OCTOBER 08 - 09, 2019
NEW YORK, UNITED STATES

FINISHED

V. INTERNATIONAL HEALTHCARE CONFERENCE

DECEMBER 12 - 13, 2019
ROME, ITALY

FINISHED

VI. INTERNATIONAL HEALTHCARE CONFERENCE

FEBRUARY 13 - 14, 2020
LONDON, UNITED KINGDOM

FINISHED

VII. INTERNATIONAL HEALTHCARE CONFERENCE

APRIL 15 - 16, 2020
BARCELONA, SPAIN

FINISHED

VIII. INTERNATIONAL HEALTHCARE CONFERENCE

MAY 11 - 12, 2020
ISTANBUL, TURKEY

FINISHED

IX. INTERNATIONAL HEALTHCARE CONFERENCE

JUNE 05 - 06, 2020
SAN FRANCISCO, UNITED STATES

FINISHED

X. INTERNATIONAL HEALTHCARE CONFERENCE

JULY 20 - 21, 2020
PARIS, FRANCE

FINISHED

XI. INTERNATIONAL HEALTHCARE CONFERENCE

AUGUST 10 - 11, 2020
NEW YORK, UNITED STATES

FINISHED

XII. INTERNATIONAL HEALTHCARE CONFERENCE

SEPTEMBER 10 - 11, 2020
TOKYO, JAPAN

FINISHED

XIII. INTERNATIONAL HEALTHCARE CONFERENCE

SEPTEMBER 16 - 17, 2020
ZÜRICH, SWITZERLAND

FINISHED

XIV. INTERNATIONAL HEALTHCARE CONFERENCE

OCTOBER 21 - 22, 2020
BARCELONA, SPAIN

FINISHED

XV. INTERNATIONAL HEALTHCARE CONFERENCE

NOVEMBER 02 - 03, 2020
SAN FRANCISCO, UNITED STATES

FINISHED

XVI. INTERNATIONAL HEALTHCARE CONFERENCE

NOVEMBER 12 - 13, 2020
ISTANBUL, TURKEY

FINISHED

XVII. INTERNATIONAL HEALTHCARE CONFERENCE

NOVEMBER 19 - 20, 2020
SINGAPORE, SINGAPORE

FINISHED

XVIII. INTERNATIONAL HEALTHCARE CONFERENCE

DECEMBER 15 - 16, 2020
BANGKOK, THAILAND

FINISHED

XIX. INTERNATIONAL HEALTHCARE CONFERENCE

DECEMBER 28 - 29, 2020
PARIS, FRANCE

FINISHED

XX. INTERNATIONAL HEALTHCARE CONFERENCE

FEBRUARY 13 - 14, 2021
LONDON, UNITED KINGDOM

FINISHED

XXI. INTERNATIONAL HEALTHCARE CONFERENCE

APRIL 15 - 16, 2021
BARCELONA, SPAIN

FINISHED

XXII. INTERNATIONAL HEALTHCARE CONFERENCE

MAY 11 - 12, 2021
ISTANBUL, TURKEY

Healthcare Conference Call For Papers are listed below:

Previously Published Papers on "Human Resource Management Conference"

  • Verification and Proposal of Information Processing Model Using EEG-Based Brain Activity Monitoring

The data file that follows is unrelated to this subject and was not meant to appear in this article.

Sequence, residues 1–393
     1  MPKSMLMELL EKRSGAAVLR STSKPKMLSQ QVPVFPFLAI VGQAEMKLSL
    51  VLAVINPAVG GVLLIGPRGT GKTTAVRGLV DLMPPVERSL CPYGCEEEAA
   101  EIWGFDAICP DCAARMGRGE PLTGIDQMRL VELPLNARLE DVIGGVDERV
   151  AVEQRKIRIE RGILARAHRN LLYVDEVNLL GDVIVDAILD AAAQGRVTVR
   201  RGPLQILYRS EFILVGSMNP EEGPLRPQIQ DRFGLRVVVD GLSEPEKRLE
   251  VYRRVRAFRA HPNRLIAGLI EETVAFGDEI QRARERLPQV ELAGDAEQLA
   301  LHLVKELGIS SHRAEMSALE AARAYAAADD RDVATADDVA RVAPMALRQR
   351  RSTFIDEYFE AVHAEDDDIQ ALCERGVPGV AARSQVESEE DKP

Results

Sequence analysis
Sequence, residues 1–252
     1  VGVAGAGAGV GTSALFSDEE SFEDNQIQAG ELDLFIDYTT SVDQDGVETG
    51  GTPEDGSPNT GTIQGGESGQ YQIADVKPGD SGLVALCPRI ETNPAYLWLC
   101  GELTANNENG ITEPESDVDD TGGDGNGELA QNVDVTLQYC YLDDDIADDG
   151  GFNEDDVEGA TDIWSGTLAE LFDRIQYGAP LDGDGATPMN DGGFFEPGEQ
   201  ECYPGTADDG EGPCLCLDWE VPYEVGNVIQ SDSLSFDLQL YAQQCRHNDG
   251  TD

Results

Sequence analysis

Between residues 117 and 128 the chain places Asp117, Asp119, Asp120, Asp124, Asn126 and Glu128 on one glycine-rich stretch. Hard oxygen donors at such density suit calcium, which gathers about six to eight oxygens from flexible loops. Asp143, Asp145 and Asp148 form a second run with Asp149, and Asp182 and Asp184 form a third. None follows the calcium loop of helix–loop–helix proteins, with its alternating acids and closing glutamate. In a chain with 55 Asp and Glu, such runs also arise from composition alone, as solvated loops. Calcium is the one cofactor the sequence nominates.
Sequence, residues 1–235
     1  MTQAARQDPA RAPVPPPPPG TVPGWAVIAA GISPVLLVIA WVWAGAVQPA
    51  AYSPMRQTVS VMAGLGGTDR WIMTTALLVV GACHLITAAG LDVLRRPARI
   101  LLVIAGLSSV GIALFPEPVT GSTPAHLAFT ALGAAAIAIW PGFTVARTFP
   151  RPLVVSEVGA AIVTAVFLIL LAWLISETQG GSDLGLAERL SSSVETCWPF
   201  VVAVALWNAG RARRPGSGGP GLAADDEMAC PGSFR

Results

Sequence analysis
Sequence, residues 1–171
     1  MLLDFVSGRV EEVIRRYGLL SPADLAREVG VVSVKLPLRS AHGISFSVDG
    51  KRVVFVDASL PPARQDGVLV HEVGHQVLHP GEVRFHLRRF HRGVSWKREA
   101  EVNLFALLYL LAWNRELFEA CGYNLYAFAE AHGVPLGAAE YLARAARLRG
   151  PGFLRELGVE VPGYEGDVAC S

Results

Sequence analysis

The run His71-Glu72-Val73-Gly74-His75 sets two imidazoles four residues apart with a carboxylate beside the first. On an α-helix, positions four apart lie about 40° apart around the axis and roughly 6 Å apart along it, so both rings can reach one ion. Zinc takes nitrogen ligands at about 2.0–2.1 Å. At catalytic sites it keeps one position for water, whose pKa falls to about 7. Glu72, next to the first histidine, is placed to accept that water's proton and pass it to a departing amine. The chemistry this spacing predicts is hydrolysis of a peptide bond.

Authors: Toshitaka Higashino, Naoki Wakamiya, Keywords: Brain activity, EEG, information processing model, model human processor. DOI:10.5281/zenodo. Abstract: Human beings perform a task by perceiving information from outside, recognizing them, and responding them. There have been various attempts to analyze and understand internal processes behind the reaction to a given stimulus by conducting psychological experiments and analysis from multiple perspectives. Among these, we focused on Model Human Processor (MHP). However, it was built based on psychological experiments and thus the relation with brain activity was unclear so far. To verify the validity of the MHP and propose our model from a viewpoint of neuroscience, EEG (Electroencephalography) measurements are performed during experiments in this study. More specifically, first, experiments were conducted where Latin alphabet characters were used as visual stimuli. In addition to response time, ERPs (event-related potentials) such as N100 and P300 were measured by using EEG. By comparing cycle time predicted by the MHP and latency of ERPs, it was found that N100, related to perception of stimuli, appeared at the end of the perceptual processor. Furthermore, by conducting an additional experiment, it was revealed that P300, related to decision making, appeared during the response decision process, not at the end. Second, by experiments using Japanese Hiragana characters, i.e. Japan's own phonetic symbols, those findings were confirmed. Finally, Japanese Kanji characters were used as more complicated visual stimuli. A Kanji character usually has several readings and several meanings. Despite the difference, a reading-related task and a meaning-related task exhibited similar results, meaning that they involved similar information processing processes of the brain. Based on those results, our model was proposed which reflects response time and ERP latency. It consists of three processors: the perception processor from an input of a stimulus to appearance of N100, the cognitive processor from N100 to P300, and the decision-action processor from P300 to response. Using our model, an application system which reflects brain activity can be established.